Burnley, whose other objective this season is to climb from the middle of the First Division into a play-off position, sensed that this was a good time to be meeting a Fulham team who were complaining of fatigue even before they made the journey from London . . . and so it proved.
Jean Tigana's men, engaged in their 20th cup fixture of a campaign which was launched last July in the InterToto, performed abjectly as their hosts took control of the tie with two goals in seven first-half minutes.
Taylor helped himself to a comfortable 12th of the season by heading past his namesake Maik, Fulham's Northern Ireland goalkeeper, after a Tony Grant cross from the right had eluded several players of both teams.
If the Turf Moor crowd were delighted by that welcome breakthrough, they were sent into raptures as Moore punished uncertainty in the Fulham rearguard to add the second.
Dean West's ball down the middle should have been cut out but nobody did and Taylor was too slow off his line to prevent the Burnley winger from pouncing and flicking the ball past him.
Burnley were good value for that interval lead but it required Marlon Beresford's excellent save from Steed Malbranque to keep it intact and home supporters' hearts missed a collective beat when a Sean Davis volley skimmed an upright.
Fulham's faint hopes of salvaging something from the debacle were extinguished three minutes into the second half when Davis was sent off for recklessly hacking down Grant from behind - a two-footed lunge which incensed the other Burnley players.
Nine times out of 10, Davis would have escaped with a yellow card but referee Phil Dowd, after consultations with his assistant, chose red for the disbelieving former England Under-21 captain.
Fulham's anger at that decision was endorsed four minutes later when Grant, showing no ill effects from the incident, launched a right-wing corner from which Diallo inflicted the coup de grace on his cluster of French compatriots.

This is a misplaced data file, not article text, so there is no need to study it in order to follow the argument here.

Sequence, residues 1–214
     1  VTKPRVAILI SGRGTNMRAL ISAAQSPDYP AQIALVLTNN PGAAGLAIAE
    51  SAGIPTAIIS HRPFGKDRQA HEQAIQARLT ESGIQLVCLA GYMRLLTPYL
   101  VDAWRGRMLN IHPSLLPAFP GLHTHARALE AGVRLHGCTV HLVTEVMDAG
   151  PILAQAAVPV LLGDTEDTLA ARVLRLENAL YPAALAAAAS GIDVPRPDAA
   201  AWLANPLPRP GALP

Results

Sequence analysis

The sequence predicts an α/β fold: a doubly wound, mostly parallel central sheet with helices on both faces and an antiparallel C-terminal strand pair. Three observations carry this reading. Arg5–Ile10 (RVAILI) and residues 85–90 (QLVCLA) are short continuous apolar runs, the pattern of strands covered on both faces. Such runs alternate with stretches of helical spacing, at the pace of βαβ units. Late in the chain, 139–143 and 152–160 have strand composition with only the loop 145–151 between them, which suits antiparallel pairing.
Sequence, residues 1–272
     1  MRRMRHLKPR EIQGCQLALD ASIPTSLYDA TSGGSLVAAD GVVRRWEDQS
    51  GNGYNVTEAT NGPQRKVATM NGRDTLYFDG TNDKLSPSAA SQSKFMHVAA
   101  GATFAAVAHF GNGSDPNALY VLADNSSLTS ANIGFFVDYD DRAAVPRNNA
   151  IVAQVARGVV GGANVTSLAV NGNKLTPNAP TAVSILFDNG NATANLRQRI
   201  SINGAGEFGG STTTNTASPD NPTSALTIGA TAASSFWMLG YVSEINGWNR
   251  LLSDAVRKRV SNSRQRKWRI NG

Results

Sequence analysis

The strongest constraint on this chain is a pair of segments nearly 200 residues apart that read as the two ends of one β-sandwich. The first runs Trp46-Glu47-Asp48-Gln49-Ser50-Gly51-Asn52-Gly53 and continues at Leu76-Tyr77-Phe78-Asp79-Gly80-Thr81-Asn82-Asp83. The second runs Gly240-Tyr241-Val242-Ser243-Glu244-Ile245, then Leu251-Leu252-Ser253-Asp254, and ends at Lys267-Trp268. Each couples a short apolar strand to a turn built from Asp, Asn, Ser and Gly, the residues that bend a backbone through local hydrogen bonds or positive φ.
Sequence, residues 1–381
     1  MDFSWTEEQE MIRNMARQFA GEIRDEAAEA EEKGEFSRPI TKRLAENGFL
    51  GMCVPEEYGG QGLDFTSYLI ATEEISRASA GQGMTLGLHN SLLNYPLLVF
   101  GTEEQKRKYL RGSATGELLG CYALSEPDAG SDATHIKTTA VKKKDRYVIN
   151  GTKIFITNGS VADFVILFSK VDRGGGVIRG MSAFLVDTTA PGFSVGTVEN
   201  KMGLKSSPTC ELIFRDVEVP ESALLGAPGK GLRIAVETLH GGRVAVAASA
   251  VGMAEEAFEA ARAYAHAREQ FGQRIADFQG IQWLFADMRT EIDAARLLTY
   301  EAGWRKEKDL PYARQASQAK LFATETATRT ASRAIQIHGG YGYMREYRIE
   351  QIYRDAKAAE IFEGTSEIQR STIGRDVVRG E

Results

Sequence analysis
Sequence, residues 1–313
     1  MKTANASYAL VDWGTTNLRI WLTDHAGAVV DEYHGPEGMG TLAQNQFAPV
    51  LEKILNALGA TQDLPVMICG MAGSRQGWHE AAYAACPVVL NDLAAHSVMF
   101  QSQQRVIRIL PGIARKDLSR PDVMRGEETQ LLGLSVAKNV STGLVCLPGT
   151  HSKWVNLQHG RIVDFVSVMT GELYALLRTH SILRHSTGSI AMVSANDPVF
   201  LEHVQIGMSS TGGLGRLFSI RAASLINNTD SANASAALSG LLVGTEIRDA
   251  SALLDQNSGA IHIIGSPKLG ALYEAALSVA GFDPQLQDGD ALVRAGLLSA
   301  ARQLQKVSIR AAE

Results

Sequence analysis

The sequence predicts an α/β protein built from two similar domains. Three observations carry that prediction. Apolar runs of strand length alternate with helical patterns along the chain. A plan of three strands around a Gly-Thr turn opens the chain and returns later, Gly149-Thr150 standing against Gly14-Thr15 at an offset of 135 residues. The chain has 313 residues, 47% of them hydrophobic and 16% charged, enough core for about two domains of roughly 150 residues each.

Vintage Clarets sink 10-man Fulham
Phil Shaw (Independent)
At least one of the FA Cup semi-finalists will come from the First Division. Burnley booked a sixth-round date at Watford with a vibrant, aggressive display against a Fulham side that last won at Turf Moor in 1951. On the evidence of this supine display, they may have to wait a further half-century for another.
Two goals in nine minutes by Gareth Taylor and Ian Moore -- the first having a hint of offside, the second superbly executed -- put the Nationwide League team in command before half-time.
In another burst of activity after the break, Fulham's England squad player Sean Davis was sent off and Drissa Diallo added to Burnley's haul.
Jean Tigana, the Fulham manager, might have been expected to criticise the Premiership team's disappointing showing. Instead he turned his wrath on Burnley for what he saw as intimidatory challenges, accusing them of seeking to "break" Luis Boa Morte.
He also condemned the referee, Phil Dowd, for failing to "protect" his players and for making Davis the second Fulham player to be dismissed in the space of two days.
Tigana, whose week started with a more dubious red card at Tottenham for his goalkeeper, Maik Taylor, had to be restrained from confronting Mr Dowd at half-time. "I never talk about referees. I'm not Wenger or Ferguson," he said afterwards, edging towards a conspiracy theory as he added: "I don't have the power behind me."
The truth was less sinister. Boa Morte was on the receiving end of some meaty tackles yet he sustained the injury which forced his substitution by colliding with an advertising hoarding.
And the lunge which led to the red card for Davis was late and reckless, and could have broken Tony Grant's ankle.
The Burnley manager, Stan Ternent, said pointedly: "I don't talk about other teams -- I'd hope I'm a bit more professional than that. But if being competitive is wrong, then we are wrong. I thought we were superior in every department."
The first goal, after 27 minutes, followed a teasing cross by Grant. Lee Briscoe distracted the defence with a near-post run, enabling Gareth Taylor to dart in and head his 12th goal of the season.
The second stemmed from a delightful chipped pass by Dean West, who made the most of the fact that Boa Morte was off having treatment. The full-back sent Ian Moore clear and he deftly angled his 10th of the season over Maik Taylor.
Davis' 47th-minute folly was compounded five minutes later when Diallo, a 30-year-old centre-back recruited from Belgian football, rose unchallenged to head in a corner by the ubiquitous Grant.